The Rio Grande Valley is in the middle of its cabbage harvest and “the yields have been good,” said Dr. Juan Anciso, vegetable specialist at the Weslaco Cooperative Extension Office. Besides that, the prices are pretty good, too — running about $8 per fifty pound bag.

That's much better than last year when cabbage was selling at only about $4 per bag. Cabbage was going for $10 per 50 pound carton during the early season.

Fred Schuster, who has 350 acres of cabbage in San Juan, at that time considered the cabbage market to be the best since 1983. “Go figure,” said Schuster. “I'm just thankful.”

“Two weeks ago the prices were better,” Anciso admits. One reason for this was weather related problems earlier in other cabbage-producing states, which was good news for South Texas farmers.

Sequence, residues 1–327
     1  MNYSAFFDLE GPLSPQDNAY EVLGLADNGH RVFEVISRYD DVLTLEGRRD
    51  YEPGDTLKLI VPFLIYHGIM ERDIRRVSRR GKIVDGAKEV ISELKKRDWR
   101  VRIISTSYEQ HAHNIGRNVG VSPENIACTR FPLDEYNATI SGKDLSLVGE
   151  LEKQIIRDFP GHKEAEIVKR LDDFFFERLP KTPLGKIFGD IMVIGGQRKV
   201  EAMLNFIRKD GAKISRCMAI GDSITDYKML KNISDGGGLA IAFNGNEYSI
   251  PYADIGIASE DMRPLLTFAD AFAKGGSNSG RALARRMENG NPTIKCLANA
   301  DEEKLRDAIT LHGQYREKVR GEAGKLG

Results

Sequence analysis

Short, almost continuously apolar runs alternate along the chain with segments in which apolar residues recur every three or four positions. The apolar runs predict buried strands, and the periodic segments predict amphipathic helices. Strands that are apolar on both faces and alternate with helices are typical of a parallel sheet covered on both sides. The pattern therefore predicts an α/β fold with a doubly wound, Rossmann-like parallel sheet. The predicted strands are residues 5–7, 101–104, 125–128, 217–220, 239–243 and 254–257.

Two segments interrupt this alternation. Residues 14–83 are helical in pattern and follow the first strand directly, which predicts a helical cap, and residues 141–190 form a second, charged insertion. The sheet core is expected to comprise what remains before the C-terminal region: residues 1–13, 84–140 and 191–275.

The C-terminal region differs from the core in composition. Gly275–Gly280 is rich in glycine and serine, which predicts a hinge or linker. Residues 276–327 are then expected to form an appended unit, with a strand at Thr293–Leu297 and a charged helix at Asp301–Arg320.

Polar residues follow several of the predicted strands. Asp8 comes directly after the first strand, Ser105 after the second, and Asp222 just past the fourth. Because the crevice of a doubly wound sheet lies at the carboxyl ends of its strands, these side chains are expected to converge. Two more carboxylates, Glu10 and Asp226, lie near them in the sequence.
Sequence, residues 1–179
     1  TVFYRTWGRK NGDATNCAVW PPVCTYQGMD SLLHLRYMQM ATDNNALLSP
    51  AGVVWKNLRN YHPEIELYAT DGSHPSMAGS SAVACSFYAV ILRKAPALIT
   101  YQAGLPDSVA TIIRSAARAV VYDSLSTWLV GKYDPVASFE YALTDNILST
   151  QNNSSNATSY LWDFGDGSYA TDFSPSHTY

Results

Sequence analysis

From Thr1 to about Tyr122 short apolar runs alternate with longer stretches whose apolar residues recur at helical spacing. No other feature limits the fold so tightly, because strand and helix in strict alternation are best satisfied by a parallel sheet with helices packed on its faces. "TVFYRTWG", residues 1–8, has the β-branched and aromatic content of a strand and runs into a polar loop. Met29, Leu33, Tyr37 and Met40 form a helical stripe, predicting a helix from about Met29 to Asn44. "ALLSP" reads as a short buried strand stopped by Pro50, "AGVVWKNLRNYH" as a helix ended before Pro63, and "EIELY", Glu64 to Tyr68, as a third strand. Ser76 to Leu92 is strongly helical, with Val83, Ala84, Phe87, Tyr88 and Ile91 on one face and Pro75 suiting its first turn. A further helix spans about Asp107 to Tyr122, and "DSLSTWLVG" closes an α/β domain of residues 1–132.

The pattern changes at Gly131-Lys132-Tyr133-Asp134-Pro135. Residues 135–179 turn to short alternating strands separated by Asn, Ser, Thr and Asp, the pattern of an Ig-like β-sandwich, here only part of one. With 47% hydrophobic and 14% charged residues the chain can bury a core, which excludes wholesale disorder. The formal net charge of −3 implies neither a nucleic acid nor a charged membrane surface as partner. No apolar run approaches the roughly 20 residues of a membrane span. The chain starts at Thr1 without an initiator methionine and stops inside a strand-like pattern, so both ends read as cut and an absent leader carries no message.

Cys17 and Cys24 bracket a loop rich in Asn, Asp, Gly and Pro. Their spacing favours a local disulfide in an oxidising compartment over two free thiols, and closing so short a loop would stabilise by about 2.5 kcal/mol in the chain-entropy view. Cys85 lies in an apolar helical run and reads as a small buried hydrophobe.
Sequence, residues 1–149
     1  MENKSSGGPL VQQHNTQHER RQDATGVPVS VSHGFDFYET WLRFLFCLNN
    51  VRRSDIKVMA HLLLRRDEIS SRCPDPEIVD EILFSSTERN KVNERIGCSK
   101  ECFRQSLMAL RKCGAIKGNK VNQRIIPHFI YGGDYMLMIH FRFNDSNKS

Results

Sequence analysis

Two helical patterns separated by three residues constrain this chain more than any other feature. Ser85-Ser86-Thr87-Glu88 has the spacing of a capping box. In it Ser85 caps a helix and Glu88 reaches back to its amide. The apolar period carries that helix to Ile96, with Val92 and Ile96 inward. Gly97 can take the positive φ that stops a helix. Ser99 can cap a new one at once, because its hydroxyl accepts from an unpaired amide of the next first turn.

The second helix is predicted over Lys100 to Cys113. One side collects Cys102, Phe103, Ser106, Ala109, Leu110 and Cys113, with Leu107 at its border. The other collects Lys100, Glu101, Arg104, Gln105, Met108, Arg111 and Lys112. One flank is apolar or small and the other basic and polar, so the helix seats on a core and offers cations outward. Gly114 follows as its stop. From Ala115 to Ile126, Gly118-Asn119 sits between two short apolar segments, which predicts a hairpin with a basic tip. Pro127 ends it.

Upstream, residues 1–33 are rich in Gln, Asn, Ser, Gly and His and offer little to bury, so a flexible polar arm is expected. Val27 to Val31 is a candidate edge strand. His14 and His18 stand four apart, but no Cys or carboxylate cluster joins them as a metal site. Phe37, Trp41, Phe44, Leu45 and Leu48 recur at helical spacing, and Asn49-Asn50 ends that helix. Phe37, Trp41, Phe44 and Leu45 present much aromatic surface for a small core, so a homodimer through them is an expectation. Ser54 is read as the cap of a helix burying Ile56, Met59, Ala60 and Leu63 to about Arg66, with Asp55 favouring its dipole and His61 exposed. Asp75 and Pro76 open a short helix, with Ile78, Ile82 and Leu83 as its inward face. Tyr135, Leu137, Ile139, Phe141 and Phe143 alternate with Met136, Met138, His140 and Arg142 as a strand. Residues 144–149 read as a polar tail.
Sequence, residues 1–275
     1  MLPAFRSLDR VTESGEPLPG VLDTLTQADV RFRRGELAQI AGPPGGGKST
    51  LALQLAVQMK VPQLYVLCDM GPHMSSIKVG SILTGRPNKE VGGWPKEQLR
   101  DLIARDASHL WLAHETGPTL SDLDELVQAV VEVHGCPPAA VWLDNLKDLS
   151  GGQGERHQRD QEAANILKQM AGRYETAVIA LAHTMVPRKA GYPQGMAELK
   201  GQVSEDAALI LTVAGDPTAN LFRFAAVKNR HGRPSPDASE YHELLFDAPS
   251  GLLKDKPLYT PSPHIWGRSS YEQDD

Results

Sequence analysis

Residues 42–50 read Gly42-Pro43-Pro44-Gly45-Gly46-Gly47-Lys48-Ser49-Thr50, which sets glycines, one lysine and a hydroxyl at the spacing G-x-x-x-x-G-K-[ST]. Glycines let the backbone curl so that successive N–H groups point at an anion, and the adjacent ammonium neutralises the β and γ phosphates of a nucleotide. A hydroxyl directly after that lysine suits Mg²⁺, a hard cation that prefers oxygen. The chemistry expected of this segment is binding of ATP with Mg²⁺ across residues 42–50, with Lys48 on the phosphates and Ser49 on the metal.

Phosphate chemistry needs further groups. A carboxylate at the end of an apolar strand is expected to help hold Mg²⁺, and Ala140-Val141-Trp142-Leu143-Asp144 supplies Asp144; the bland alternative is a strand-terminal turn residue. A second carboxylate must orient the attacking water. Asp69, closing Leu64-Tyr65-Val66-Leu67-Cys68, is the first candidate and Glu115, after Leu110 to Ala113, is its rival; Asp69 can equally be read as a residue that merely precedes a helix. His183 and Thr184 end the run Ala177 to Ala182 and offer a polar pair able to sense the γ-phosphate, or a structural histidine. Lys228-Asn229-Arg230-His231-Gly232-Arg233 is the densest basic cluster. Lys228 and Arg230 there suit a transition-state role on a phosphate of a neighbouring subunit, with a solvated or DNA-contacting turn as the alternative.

“California had big rains; Florida and Georgia had cold spells.” Now those states are back in the market again.

The cool, dry winter in the Rio Grande Valley has been conducive to growing healthy cabbage. There has been little insect pressure and few diseases.

“Only a little downy mildew, which wasn't much of a problem,” says Anciso.

In the last 10 years South Texas has lost about 40 percent of its cabbage acreage due to water problems and urbanization, but the region still has approximately 3,000 acres planted to the vegetable, the most produced leafy winter vegetable in the Valley.

The average yield is 600 bags per acre. Statewide, there are about 10,000 acres of cabbage.

Although some farmers pack their cabbages right in the field, many others take their produce to large packing sheds. The Texas cabbage harvest normally starts in late November and continues through May.